Interviews: Interview with Downs, Mills of R.E.M.

By Julie Philips

On Friday, a few days before the release of R.E.M.’s 15th [NOTE: actually, 14th] studio album of all-new material, Athens Banner-Herald Arts and Entertainment editor Julie Phillips talked with R.E.M. manager Bertis Downs as R.E.M.’s Mike Mills rehearsed a few songs with Bruce Springsteen before the evening’s kickoff Vote for Change show in Philadelphia. Mills spoke after he’d finished rehearsing.

Bertis Downs: (Mills) just got pulled on stage to do some work – they’re actually rehearsing with Bruce right now, this happened yesterday, too, and it ended up lasting two hours.

Philips: Did you all watch the debate together last night?
Downs: Yeah, well Bruce was late rehearsing and ended up watching it at the venue and I watched it at the hotel with Mills and Michael watched it back in New York, because he stayed in New York last night. So we were all scattered, we didn’t all watch it together, but we did all watch it. And I have to say, it was a good night for Kerry.

Philips: What was the talk amongst you about it afterward?
Downs: Personally, I feel like it’s the turning point of the election. … I had always hoped it would be – I know Kerry has a great reputation as a closer… He always does well when the chips are down and he was at his best and I thought it was a good 90 minutes for him.

Philips: R.E.M. contributed one song to Going Upriver: The Long War of John Kerry (a newly released documentary film from filmmaker George Butler) – I assume you’ve all seen that movie?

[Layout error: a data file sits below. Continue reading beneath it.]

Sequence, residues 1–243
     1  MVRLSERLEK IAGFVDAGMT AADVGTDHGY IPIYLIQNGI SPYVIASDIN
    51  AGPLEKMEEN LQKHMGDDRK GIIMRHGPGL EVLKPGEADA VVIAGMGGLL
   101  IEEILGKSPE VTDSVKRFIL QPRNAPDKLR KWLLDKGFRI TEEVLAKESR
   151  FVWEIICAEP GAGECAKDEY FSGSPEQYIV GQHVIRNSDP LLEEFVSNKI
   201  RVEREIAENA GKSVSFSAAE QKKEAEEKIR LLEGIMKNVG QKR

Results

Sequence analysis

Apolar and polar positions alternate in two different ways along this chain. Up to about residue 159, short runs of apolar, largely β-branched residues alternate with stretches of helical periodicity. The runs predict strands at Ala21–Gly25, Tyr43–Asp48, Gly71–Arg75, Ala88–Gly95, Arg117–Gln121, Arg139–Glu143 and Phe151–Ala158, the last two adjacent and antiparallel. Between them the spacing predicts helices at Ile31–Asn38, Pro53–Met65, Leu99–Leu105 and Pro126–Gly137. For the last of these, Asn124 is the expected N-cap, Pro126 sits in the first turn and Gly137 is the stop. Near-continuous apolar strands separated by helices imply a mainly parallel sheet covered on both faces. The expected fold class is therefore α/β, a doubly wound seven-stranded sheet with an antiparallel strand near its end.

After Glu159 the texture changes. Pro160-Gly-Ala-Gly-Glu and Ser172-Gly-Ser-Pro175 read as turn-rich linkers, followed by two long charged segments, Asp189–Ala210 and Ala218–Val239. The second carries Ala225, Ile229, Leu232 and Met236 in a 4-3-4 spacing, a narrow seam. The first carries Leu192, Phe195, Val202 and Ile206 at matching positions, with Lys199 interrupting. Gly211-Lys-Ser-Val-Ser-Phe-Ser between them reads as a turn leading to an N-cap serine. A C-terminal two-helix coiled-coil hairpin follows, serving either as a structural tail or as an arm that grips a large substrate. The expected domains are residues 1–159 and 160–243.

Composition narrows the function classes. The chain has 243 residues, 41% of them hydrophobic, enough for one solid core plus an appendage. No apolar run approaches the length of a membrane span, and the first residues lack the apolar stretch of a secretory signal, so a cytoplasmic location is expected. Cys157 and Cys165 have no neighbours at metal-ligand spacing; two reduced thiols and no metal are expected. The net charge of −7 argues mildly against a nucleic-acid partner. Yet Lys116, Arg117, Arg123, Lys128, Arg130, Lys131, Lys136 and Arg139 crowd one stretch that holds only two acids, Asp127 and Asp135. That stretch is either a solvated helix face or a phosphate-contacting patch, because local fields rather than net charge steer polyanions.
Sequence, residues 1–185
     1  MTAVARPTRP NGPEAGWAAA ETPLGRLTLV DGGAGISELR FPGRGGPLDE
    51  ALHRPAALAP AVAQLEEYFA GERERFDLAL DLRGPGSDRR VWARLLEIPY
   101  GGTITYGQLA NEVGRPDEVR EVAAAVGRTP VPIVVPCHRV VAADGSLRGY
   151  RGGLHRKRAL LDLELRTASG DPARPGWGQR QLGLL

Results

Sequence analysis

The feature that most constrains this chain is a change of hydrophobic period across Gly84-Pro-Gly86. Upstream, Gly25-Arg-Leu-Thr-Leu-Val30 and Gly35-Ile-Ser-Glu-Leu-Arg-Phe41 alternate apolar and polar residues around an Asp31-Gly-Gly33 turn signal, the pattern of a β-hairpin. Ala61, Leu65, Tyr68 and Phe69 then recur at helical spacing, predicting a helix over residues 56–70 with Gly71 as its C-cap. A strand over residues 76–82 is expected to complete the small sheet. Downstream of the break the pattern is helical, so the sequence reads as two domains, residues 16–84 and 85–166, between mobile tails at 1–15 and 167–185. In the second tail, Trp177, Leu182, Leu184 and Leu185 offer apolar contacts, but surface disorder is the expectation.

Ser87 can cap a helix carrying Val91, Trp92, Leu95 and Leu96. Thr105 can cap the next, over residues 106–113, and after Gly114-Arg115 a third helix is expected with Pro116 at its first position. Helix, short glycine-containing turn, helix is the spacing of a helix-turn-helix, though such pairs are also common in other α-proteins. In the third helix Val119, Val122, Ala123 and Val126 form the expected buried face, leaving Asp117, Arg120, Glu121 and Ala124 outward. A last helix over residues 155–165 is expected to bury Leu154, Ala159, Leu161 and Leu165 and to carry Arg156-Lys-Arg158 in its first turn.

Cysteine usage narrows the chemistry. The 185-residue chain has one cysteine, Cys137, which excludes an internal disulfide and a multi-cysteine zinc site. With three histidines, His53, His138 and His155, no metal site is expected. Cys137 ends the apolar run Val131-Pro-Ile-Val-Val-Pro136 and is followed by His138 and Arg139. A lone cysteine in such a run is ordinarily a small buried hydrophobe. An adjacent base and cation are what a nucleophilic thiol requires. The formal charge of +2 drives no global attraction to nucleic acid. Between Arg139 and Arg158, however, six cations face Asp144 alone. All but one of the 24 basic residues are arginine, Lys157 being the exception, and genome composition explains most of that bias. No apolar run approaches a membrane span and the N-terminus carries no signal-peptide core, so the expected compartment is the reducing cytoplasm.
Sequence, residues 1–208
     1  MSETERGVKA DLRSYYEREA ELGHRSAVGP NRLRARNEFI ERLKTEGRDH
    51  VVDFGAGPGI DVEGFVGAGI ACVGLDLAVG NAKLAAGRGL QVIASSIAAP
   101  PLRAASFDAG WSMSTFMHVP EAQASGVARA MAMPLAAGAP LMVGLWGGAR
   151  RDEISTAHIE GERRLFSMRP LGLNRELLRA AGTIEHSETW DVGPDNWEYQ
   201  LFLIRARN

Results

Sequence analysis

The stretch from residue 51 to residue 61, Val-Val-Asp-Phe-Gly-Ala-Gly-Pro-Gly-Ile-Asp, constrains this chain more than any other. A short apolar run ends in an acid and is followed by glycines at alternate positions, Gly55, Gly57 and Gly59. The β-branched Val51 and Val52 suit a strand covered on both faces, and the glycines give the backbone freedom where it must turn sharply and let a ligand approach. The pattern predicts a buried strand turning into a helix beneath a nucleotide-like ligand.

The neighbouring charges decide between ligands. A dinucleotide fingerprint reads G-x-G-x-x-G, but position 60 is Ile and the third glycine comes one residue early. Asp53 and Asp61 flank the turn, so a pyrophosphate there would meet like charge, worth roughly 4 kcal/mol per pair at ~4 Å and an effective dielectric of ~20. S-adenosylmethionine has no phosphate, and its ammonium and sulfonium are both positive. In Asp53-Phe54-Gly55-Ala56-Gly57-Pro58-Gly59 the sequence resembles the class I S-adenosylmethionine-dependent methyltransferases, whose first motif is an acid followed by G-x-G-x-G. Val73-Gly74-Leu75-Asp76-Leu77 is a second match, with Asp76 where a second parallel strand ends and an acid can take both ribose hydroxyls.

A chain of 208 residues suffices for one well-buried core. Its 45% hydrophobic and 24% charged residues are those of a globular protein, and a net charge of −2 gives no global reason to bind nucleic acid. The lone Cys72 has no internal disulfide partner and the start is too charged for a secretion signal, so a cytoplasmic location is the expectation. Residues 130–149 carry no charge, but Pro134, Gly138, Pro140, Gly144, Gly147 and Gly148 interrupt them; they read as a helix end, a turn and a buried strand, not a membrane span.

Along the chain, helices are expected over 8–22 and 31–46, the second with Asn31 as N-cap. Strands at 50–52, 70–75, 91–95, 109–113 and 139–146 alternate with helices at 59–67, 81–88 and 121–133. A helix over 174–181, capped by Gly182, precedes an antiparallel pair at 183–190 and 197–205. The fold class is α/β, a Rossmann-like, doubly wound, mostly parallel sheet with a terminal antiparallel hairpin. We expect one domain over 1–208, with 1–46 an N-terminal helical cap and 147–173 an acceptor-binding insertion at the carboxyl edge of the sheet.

Downs: Yeah, we have… It was kind of unusual how it happened (that R.E.M. contributed the title track to Around the Sun to the film). That song was sent by their music supervisor who’s a friend of ours and loved the song, to the director (Butler). … and he heard it and he decided to put it at the end titles. And it fits like it was written for it. It was written a few years ago in Vancouver, and it had nothing to do with John Kerry. But when you see the movie, it’s uncanny how the song, the words, the tone and the way he uses it in the end titles – it’s pretty remarkable. All the other music in the movie is period music, the whole movie takes place during the Vietnam era. But (the movie) ends, and they use this song, and it’s the only contemporary thing used. And we were thrilled to have let them have it. And it’s the week our record comes out, and (the movie) actually opens tonight. So it’s a lot of nice little coincidences.

Philips: What were your thoughts on the film?
Downs: What I thought was – for me, (I was) in high school during Vietnam – it cleared up a whole lot of history for me. It taught me a lot. I’ve always known about Vietnam, studied it to a certain extent in college and been pretty aware about it. But this had a whole lot of footage from the era; it showed Kerry as a very young guy, 24-25 years old. And there’s a lot of stuff that never has been used anywhere before, that’s been in the vaults for years. And it’s just a really interesting, informative film. And it reinforced my impression of the candidate.